Cadet Capt. David Cavazos II of the Texas Wing’s Marauder Composite Squadron is the 200th cadet to earn his wings through CAP’s Cadet Wings program.
He joins a pair of Texas Wing cadets, Emma Herrington and Andrew Wilson, who also earned Cadet Wing milestones — as the program’s first and 100th participants, respectively, to receive their private pilot certificates.
Cavazos received his certificate following a check ride with a Federal Aviation Administration examiner Sept. 21 at Conroe/North Houston Regional Airport. He described the experience as “quite exhilarating.”
“To be the 200th cadet to receive my private certificate through Cadet Wings is amazing,” Cavazos said. “I am grateful for the opportunity to even begin my training through CAP, and I thank God that I have made it this far in my endeavors to become a pilot.”
Upon hearing the news, Maj. Gen. Edward D. Phelka, CAP’s national commander and CEO, chimed in with a congratulatory message.
“Congratulations to Cadet Cavazos on becoming the 200th graduate of the Cadet Wings program,” Phelka said. “This milestone offers us an opportunity to celebrate the success that happens when dedicated and hard-working cadets take advantage of the opportunities provided by generous funding from the Ray Foundation and the United States Air Force. Cadet Cavazos joins the ranks of CAP cadets helping to overcome the nation’s pilot shortage crisis. Well done!”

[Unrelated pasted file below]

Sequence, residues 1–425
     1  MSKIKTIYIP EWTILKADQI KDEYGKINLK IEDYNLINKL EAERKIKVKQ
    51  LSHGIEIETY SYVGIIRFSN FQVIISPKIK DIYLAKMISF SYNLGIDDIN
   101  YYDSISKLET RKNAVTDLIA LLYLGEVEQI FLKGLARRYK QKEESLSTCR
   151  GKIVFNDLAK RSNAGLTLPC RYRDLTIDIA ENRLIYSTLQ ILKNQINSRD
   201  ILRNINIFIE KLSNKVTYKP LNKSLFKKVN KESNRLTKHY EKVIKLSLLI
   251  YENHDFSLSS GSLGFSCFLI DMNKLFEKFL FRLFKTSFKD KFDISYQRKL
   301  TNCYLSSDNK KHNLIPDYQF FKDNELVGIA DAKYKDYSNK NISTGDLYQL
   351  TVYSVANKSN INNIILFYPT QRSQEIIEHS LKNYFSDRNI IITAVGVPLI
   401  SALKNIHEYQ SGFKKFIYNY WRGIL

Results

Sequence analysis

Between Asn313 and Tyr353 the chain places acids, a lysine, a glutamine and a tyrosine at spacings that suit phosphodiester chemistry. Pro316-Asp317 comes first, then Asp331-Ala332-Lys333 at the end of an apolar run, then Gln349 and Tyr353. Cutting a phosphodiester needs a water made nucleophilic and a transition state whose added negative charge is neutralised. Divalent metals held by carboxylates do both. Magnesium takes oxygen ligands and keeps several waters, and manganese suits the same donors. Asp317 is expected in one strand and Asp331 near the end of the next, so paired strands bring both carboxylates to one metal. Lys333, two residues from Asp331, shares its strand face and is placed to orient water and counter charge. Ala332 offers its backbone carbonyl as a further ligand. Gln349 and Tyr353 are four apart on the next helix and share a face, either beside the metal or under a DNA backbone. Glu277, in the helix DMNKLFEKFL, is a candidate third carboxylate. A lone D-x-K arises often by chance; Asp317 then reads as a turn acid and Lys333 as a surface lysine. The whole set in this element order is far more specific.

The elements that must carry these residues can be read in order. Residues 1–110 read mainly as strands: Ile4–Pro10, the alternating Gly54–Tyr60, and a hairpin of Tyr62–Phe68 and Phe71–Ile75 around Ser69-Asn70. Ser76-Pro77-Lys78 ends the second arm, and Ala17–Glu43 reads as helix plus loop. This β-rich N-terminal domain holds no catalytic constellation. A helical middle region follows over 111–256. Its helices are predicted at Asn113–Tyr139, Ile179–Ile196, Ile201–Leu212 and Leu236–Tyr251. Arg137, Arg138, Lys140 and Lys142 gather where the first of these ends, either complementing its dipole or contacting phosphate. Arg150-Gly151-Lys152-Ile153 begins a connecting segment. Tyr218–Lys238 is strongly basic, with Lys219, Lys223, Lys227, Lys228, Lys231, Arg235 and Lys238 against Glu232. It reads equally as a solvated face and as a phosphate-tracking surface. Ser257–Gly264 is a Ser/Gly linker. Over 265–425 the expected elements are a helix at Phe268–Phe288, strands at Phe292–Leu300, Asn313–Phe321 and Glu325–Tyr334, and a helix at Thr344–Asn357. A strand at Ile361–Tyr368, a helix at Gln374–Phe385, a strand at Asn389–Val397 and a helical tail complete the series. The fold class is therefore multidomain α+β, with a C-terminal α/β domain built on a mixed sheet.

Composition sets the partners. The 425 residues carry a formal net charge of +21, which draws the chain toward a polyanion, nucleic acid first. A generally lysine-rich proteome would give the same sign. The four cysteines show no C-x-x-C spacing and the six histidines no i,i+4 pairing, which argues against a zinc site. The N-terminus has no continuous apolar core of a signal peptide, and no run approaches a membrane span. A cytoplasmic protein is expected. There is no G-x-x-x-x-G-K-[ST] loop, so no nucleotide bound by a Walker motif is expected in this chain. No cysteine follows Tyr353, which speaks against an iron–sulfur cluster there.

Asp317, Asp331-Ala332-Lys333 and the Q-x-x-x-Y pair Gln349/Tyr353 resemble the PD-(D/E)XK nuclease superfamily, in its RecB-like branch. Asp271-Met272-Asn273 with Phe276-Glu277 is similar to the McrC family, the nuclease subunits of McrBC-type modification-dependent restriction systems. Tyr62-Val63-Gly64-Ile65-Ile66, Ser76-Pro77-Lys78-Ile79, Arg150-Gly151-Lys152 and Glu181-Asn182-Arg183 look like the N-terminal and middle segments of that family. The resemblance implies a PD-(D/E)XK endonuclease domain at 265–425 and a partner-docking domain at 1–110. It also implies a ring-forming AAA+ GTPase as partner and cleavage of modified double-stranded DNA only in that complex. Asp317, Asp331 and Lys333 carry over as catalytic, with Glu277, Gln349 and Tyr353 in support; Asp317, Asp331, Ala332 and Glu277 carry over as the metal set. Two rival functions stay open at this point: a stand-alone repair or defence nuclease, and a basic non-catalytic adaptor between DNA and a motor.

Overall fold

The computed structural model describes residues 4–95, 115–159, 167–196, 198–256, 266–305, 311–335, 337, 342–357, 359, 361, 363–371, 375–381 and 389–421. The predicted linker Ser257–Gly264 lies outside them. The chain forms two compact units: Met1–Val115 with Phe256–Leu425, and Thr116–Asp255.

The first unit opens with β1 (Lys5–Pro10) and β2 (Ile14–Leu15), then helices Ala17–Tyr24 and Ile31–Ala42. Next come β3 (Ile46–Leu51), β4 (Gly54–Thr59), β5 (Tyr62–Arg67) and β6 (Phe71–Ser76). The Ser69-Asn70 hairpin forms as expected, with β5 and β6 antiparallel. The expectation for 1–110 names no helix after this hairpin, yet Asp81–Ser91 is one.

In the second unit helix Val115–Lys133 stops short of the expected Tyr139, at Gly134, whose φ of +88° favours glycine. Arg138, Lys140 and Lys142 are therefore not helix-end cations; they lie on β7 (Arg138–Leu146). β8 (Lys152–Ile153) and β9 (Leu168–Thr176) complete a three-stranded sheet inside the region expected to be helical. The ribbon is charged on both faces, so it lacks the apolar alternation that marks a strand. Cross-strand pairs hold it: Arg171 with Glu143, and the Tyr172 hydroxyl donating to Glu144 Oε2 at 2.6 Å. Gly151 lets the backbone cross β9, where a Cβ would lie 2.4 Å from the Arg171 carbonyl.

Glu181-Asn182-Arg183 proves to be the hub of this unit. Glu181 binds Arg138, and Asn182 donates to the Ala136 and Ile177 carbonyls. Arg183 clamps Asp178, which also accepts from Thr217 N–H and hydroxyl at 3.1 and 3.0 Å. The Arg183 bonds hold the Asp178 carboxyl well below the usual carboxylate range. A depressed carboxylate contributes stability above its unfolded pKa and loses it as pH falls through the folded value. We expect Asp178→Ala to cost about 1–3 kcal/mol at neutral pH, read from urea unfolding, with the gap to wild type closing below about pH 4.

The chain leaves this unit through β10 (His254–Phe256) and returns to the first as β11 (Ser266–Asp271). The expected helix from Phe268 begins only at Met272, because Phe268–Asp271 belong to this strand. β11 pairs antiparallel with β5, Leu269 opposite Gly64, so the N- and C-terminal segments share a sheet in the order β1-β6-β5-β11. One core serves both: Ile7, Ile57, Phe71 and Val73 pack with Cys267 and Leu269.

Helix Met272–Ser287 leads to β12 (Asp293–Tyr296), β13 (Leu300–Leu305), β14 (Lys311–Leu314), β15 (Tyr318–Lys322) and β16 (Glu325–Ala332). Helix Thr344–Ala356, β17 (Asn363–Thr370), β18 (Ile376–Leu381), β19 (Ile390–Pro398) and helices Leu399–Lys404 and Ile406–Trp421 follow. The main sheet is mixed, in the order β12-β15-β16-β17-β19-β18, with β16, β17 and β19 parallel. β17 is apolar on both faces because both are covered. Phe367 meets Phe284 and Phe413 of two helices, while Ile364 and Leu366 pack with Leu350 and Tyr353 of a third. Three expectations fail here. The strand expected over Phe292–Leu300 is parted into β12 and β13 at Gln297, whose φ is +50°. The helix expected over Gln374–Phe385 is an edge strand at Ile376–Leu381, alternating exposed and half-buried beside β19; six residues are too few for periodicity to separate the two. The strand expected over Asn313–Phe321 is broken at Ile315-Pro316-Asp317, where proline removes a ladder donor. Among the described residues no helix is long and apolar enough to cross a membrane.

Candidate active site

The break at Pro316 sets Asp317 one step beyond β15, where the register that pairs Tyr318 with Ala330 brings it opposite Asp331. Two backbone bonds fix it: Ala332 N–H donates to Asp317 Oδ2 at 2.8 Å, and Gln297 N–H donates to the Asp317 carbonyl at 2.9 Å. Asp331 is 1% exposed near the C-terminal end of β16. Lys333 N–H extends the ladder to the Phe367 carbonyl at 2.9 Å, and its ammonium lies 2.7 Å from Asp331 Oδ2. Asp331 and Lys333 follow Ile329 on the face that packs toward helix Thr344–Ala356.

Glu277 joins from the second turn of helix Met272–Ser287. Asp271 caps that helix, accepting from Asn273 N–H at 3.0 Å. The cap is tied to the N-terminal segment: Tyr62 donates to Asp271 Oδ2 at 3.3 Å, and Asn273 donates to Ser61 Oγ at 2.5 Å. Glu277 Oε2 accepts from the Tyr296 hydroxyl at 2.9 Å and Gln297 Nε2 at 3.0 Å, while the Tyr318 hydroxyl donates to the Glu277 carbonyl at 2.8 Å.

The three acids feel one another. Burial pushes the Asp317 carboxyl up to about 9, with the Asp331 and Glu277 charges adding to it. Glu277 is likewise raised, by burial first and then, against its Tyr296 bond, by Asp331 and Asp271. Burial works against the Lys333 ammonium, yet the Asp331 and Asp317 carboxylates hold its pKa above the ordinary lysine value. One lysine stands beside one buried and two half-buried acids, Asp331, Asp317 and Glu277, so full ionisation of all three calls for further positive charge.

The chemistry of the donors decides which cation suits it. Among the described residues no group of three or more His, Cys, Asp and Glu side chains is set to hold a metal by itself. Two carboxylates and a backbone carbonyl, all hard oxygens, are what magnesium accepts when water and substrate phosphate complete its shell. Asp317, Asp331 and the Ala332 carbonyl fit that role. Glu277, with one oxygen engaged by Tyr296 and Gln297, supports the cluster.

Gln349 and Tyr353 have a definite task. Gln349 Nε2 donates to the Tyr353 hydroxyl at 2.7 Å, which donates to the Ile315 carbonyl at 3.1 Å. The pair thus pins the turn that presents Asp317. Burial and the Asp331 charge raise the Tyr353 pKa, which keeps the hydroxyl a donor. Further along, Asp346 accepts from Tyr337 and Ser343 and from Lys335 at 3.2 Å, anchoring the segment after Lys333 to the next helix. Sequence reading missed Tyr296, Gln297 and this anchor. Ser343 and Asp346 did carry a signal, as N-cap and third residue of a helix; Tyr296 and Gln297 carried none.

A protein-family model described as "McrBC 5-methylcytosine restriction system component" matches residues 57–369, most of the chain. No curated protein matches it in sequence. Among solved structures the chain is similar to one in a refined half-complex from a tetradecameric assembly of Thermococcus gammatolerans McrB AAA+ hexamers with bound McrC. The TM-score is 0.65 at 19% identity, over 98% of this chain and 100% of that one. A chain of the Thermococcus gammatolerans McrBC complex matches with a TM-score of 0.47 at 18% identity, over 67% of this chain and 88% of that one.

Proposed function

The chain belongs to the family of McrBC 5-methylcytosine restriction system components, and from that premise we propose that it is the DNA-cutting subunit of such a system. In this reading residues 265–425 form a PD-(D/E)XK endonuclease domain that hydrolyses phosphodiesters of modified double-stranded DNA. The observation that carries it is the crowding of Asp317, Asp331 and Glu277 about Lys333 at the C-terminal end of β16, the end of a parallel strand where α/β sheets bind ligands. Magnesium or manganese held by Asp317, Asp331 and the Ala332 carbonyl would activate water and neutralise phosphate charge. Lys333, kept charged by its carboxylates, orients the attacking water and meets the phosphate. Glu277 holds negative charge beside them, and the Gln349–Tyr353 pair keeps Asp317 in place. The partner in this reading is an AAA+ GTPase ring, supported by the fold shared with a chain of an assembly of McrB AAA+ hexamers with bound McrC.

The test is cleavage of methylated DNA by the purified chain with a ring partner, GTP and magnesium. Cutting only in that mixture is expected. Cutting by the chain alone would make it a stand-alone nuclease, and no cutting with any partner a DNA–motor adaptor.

Initially funded by the U.S. Air Force to offset the nation’s pilot shortage, the 3½-year-old merit-based Cadet Wings program is the opportunity of a lifetime for cadets like Cavazos, who have earned their wings despite the challenges of ground school and flight training and the restrictions wrought by the COVID-19 pandemic.
In the past year, the Ray Foundation has joined in the effort by providing $330,000 toward the program. Cavazos is the 12th Cadet Wings participant to receive his pilot’s certificate with funding from the Ray Foundation.
“Their investment has now helped fulfill the dreams of a dozen of our youth,” said Margarita Mesones, CAP’s cadet aviation career activities manager. “It has helped to launch these cadets toward career goals they could previously only dream about.”
Cavazos hopes to eventually become a military aviator. “I do hope to fly an F-22 one day, and attaining this certificate is one step closer to that goal,” he said.
For now, he’ll enjoy flying – including, he hopes, CAP search and rescue missions in the future. “That way, I can gain more flight experience while also assisting those in need,” he said.
“Helping people in dire situations was one of my main motivators to join CAP, and now, with the proper training, I can do exactly that.”
Cavazos is the 19th cadet in Texas to earn his wings in over the past 3½ years, including Herrington and Wilson.
“Unfortunately, I do not know the first or 100th pilot from the Cadet Wings program, but if given the opportunity to meet them, I would love to do so,” he said.
His advice to future CAP cadets interested in learning to fly? “If you have a dream, you should go for it, even if everyone else thinks you can’t,” Cavazos said. “That way, you can look back and see how far you have come instead of looking back and wondering ‘what if.’”